Thursday, May 1, 2014

How to Make a Crappy Cutting Board

We have had several store-bought wooden cutting boards floating around the kitchen for a few years.  I can't really say where this one came from, but I am happy to say I did not make it myself.

I have been annoyed with it for some time, as it is ugly and looks like it is about to fall apart.  Not to mention that there are lots of little openings on it that are great places for bacteria to hide.

Heading out to the shop to make a cutting board on purpose seems to me like I should really be spending my efforts doing something more productive, so there this thing sits, mocking me every time I walk in the kitchen.

Enough, crappy cutting board!  You will mock me no longer.  It's my turn to mock you!

At least, perhaps make a point about how to glue up panels and choose lumber for a project.

Pretty much all we use this for is for cutting bread.
At first glance of the above photo, I see cracks between the laminations at either end of the board where the glue has begun to fail.  I think what is happening here is the board is sucking up water at the ends when it is washed in the sink.  The ends swell a bit, crushing some of the fibers, and when it dries out, shrinks a little smaller.  Eventually, these laminations open up.  Perhaps it is combined with the glue disolving a little.

Closer view of the delaminating.
The second thing I notice is the crazy direction the grain in the individual pieces goes.  It's as if whoever put this together paid no attention whatsoever to how this board would look when complete.

Actually, I am absolutely sure they didn't.

I'm not sure what kind of wood this is, but the grain is fairly clear and distinctive.  Some of the pieces are quartersawn, some flatsawn, some of them have relatively straight grain, and the big piece in the middle has the grain going at a significant angle (called run-out).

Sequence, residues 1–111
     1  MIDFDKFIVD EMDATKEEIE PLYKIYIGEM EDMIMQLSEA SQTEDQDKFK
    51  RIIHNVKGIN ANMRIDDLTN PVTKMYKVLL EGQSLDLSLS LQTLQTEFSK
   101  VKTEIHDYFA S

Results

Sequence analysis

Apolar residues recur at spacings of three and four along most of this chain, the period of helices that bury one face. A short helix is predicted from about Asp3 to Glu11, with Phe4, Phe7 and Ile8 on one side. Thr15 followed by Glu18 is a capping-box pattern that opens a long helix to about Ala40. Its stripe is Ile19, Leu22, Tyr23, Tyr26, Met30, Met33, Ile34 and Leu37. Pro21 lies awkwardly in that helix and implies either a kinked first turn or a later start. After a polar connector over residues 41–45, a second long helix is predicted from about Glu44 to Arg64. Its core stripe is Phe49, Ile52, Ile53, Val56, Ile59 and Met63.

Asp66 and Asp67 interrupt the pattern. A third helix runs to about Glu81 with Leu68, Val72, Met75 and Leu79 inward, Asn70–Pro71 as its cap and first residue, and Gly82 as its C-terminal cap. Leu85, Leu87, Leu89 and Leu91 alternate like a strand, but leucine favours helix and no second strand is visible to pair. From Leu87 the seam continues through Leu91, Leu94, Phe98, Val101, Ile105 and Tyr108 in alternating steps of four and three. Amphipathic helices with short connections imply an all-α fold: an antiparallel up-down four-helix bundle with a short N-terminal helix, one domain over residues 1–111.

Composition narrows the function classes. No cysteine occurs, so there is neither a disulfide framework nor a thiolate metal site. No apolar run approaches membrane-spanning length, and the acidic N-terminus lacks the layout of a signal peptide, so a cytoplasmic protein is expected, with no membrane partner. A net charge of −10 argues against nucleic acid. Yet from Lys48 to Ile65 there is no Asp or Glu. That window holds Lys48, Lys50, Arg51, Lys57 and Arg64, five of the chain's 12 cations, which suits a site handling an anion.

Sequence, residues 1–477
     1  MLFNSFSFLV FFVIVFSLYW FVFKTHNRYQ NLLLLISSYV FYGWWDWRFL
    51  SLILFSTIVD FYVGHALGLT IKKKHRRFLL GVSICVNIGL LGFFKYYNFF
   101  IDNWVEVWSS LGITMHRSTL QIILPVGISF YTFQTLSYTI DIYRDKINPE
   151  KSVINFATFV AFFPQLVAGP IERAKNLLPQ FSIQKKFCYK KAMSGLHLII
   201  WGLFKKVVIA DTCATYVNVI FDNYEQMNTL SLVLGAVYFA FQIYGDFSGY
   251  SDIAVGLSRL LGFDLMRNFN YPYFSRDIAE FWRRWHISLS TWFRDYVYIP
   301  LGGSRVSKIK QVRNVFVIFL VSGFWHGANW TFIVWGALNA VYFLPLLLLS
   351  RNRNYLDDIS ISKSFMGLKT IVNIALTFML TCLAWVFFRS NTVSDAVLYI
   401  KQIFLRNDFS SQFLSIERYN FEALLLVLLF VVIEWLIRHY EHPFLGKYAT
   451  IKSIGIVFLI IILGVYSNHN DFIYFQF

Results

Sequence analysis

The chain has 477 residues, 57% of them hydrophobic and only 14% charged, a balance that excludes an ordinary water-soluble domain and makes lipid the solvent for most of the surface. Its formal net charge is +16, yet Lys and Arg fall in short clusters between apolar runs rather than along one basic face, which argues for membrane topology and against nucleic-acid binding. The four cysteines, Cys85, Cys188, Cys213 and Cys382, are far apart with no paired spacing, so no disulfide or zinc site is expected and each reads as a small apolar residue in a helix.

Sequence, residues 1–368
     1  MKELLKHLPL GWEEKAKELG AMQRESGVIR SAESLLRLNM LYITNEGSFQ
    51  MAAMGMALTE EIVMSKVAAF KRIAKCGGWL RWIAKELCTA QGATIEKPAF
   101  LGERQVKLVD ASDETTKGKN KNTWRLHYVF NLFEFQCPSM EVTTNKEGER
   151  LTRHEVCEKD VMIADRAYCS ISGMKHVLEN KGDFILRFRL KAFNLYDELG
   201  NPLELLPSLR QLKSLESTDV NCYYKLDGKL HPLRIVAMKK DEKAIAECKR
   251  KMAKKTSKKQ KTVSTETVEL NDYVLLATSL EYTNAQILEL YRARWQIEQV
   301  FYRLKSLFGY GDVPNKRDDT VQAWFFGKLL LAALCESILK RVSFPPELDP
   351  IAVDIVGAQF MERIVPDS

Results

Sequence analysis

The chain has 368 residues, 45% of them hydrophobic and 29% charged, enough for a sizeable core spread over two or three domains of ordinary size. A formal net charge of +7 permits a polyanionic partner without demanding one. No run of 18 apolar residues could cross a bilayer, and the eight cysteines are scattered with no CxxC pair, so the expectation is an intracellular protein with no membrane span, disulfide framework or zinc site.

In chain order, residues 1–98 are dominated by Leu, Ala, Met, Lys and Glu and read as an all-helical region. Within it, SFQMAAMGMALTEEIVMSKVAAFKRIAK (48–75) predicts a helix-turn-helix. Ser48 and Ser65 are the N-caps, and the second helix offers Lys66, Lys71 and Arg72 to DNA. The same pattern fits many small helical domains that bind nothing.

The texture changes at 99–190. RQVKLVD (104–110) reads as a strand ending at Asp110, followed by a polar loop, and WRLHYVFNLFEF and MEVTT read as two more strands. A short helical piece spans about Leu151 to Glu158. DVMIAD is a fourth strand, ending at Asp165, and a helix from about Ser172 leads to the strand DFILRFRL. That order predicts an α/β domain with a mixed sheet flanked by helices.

Note to self:  don't do that.

When I glue up a panel, nowadays I normally try to line up the grain at the glue  lines so it is not so obvious there really is a glue line there.  Spending the time to match nice even grain and color from one stick to the next really pays off in the looks of a project.

But, there's more:  Not only is this a no-no from a design perspective - It also can affect the strength and stability of a project.

"Come on, Brian, It's just a stupid cutting board!"

I hear you, but bear with me.  This thing hardly will sit flat on the countertop.  Check out this photo along the end:

Not so straight any more.
Because each piece of the laminated board has grain going different directions, each board shrinks and expands in different ways.  This creates a lot of internal stress on the completed cutting board, and it is no wonder that this thing isn't even close to flat anymore. 

Probably a 1/8" lip here at the end.
Bad things can happen when boards want to bend and twist in different directions.  Looking at the above photo, you can see that not only are these two boards headed in different directions after starting to delaminate, but one of them has developed a large crack because there is still too much internal stress on that piece, being pulled in different directions as it is.

Run-out on the edge, too.
Looking at the edges of this cutting board, one side has nice straight grain on the edge, and the other has some severe run-out.  I've noticed that this can be hard to avoid at the lumber yard if the bark is still on the lumber.  If you can, try to get lumber with the least run-out from the start.  It will save some headaches in the end.

With this in mind, I am determined to get rid of this old eyesore.  Next time I'm in the shop, I will take the extra few minutes to make a new cutting board.  No matter what I come up with, it has to be better than this one.


  1. Hi Brian,
    I can tell you've got a lot of time on your hands!
    I know this is going to sound profane and you might stop talking to me (well at least for a week). How about buying a plastic cutting board which you can put into the dishwasher after slicing those chicken breasts?
    I think the bacteria is not just hiding in those crevices of a board you have!

    1. Hey, John. Nah! I actually have a couple plastic ones, too. Although, I think wood cutting boards are superior.

      The USDA or some such federal agency declared plastic cutting boards more hygenic twenty or thirty years ago without backing that decision up with any research at all. It turns out plastic cutting boards can harbor bacteria. Wooden ones tend not to as much, as long as there aren't cracks or splits (unlike this one). I'll find a link later for you, but somehow nature deals with it.